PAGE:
Before we go any further, blink your eyes once. It should take three- or four-tenths of a second; any longer might be cause for concern.
That’s all the time it took for Habersham Central’s Andrew Burpee to shoot out of a whistle and score the decisive takedown on Lambert’s Matthew Sheetz in the 106-pound Class AAAAAA state traditional wrestling final last February. A split-second between 55-0 and 54-1 and a split-second that made those 54 wins feel empty.
"I don’t even care about my record this year," Sheetz said. "I just want to win state. I had a good record last year, but it didn’t matter all that much in the end."
Few predicted Sheetz would be the Longhorns’ only state placer last year as a sophomore. Precious fewer thought he would be Lambert’s fourth state runner-up in four years. Still, Sheetz couldn’t help Kevin Contardi’s team reach the state duals.
"We need to get that monkey off our backs, for sure," Contardi said. "…We return a lot of good kids and add three quality freshman and a good move-in. We feel like this is the best shot we’ve had."
A little confidence can go a long way in wrestling. Sheetz certainly earned that with his run; Eric Diemert qualified for state at 113 pounds despite wrestling under-weight; Robbie Powell, a state qualifier at 138 for Lowndes last year, transferred in. Those three don’t disagree with Contardi.
"Everything up to 170 or 182 pounds is pretty stacked," Sheetz said. "I think we’ll go to state and win the region."
Contardi expressed uncertainty about the Horns’ upper weights, but Diemert said wrestlers in higher weights are getting better than in previous years.
With lingering injuries from this summer and fall (illnesses, concussions, tweaked muscles), Contardi may not have his lineup set until late in the season, and that’s normal.
"We’ve had some bad luck with injuries the last few weeks, so it can only get better," Contardi said. "A lot of times, coaches don’t have their lineup the way they want until region. When I coached at Apalachee High School, we started the season 2-9 and finished fourth in state duals."
Contardi preached toughness this summer, Diemert said, and not just the physical component.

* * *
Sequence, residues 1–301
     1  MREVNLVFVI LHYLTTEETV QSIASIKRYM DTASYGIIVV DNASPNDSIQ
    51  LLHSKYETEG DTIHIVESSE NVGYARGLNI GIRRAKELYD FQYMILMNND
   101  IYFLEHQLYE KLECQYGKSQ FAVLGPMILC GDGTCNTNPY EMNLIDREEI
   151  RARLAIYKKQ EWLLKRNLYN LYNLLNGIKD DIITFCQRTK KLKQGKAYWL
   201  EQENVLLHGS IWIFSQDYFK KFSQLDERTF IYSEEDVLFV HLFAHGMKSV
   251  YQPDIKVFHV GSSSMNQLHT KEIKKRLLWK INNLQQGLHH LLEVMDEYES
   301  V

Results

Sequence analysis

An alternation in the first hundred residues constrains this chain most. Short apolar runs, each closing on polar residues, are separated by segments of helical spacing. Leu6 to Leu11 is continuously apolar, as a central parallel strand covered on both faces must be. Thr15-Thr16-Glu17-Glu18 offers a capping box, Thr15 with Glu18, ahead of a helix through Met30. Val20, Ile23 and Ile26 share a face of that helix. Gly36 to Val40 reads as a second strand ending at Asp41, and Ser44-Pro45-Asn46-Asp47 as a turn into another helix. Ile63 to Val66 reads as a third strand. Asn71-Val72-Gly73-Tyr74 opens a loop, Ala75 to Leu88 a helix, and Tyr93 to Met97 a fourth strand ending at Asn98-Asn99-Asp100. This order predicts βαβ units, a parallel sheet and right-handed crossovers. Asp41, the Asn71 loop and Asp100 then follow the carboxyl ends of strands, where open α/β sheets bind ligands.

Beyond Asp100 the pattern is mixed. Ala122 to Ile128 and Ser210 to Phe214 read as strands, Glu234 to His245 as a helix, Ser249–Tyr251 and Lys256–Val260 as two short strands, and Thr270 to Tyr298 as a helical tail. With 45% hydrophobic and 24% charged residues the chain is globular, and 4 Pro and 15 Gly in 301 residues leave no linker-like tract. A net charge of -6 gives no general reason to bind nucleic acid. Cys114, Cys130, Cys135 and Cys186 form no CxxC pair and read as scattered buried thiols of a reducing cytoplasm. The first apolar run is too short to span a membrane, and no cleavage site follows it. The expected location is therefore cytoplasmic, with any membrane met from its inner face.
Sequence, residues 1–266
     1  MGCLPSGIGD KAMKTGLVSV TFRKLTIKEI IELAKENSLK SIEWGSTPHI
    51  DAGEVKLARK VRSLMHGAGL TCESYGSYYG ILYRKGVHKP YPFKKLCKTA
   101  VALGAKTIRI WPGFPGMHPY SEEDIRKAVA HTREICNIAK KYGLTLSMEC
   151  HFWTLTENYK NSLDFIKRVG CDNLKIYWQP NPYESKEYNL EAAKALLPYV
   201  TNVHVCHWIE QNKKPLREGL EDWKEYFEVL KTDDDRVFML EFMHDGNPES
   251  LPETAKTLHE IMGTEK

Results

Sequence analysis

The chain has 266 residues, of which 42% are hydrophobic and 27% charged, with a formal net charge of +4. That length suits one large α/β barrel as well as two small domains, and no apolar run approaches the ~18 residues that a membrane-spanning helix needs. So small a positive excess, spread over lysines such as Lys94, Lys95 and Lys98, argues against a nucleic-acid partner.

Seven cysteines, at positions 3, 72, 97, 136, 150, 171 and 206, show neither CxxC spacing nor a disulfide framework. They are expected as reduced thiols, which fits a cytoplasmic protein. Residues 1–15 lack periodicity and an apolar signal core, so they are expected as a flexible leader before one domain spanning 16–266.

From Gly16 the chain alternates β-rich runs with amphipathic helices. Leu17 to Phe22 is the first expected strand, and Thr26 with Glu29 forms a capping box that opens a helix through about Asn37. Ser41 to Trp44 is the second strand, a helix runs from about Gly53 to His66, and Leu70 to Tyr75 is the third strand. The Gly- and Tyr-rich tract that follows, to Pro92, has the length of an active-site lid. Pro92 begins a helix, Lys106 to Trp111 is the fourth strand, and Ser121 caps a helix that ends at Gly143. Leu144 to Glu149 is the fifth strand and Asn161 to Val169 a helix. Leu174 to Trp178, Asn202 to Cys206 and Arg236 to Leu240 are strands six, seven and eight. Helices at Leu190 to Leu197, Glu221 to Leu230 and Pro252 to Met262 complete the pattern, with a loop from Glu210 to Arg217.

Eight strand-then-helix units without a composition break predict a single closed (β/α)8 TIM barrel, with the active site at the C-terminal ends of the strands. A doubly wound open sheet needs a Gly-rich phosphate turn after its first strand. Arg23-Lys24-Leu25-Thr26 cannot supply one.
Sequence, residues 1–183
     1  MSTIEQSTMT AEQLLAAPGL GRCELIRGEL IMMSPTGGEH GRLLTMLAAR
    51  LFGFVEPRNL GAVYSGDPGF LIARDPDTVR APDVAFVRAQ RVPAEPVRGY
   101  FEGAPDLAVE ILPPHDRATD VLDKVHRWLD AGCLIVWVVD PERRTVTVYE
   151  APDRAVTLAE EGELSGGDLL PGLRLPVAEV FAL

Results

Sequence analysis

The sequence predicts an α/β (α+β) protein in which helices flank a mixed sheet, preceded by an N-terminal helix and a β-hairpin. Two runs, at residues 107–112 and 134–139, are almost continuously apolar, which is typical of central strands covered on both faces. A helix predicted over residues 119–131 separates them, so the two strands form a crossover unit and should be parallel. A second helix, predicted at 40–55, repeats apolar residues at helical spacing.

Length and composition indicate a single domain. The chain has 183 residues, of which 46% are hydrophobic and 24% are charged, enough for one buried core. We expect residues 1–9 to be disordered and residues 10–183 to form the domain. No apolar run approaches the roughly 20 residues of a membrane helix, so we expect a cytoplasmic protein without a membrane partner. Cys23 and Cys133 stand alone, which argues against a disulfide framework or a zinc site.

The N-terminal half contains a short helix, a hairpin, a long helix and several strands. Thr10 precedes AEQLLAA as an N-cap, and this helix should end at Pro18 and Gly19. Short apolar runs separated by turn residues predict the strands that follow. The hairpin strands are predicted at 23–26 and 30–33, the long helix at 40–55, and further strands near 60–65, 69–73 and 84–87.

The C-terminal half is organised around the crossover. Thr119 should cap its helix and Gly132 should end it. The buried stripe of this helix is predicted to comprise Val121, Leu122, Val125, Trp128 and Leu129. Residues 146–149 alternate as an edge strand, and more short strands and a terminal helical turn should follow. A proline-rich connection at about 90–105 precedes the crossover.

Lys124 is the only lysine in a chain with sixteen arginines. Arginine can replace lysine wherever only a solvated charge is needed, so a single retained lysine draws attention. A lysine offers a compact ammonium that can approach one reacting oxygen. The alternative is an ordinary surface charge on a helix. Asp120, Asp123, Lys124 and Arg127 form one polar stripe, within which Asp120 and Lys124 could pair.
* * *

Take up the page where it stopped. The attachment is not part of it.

"When you get deep in to a match and you’re dog-tired, there’s got to be some want-to in you to keep going," Contardi said. "You’ve got to have that want-to in practice, too…it’s about caring."
That’s what made the difference for Sheetz last year. Lots of kids practice for hours on end; lots of kids are blessed with natural athletic ability; lots of kids know every take-down and defensive move in the book. Lots of kids don’t, however, possess the assuredness that they’re always in a match, that they can erase a big deficit.
Sheetz will wrestle at 120 pounds this year, while Diemert—who Contardi said would’ve been on the podium at state as a sophomore had he wrestled there at 106 pounds—will stay at 106, where he’ll have the advantage of wrestling against underclassmen.
Contardi has had bad luck with wrestlers moving out in recent years. He didn’t find out about Robbie Powell’s arrival until the second day of school this year; Contardi was glad to have a state qualifier moving in this time around.
Wyatt Veal (sr.) placed third last year at 152 pounds in the Horns’ tough area, one that has typically been dominated by Chattahoochee and North Forsyth. Senior Jack Raines started for Lambert last season, and Contardi hopes fellow senior Jack Carmichael can break out this year to help the Horns score points in the upper weights.
Will Kohlins (fr.) won kids state at 160 pounds last year; he’ll join Contardi’s team once Lambert’s football season ends. Peyton Mitchell (fr., 106 pounds) has a chance to be successful early because he will wrestle against plenty of freshmen in the lower weight.
South gave Chattahoochee a run for their money at area duals last year. If Lambert can get through the regular season healthy and at the right weights, the Horns might just be able to send that monkey packing.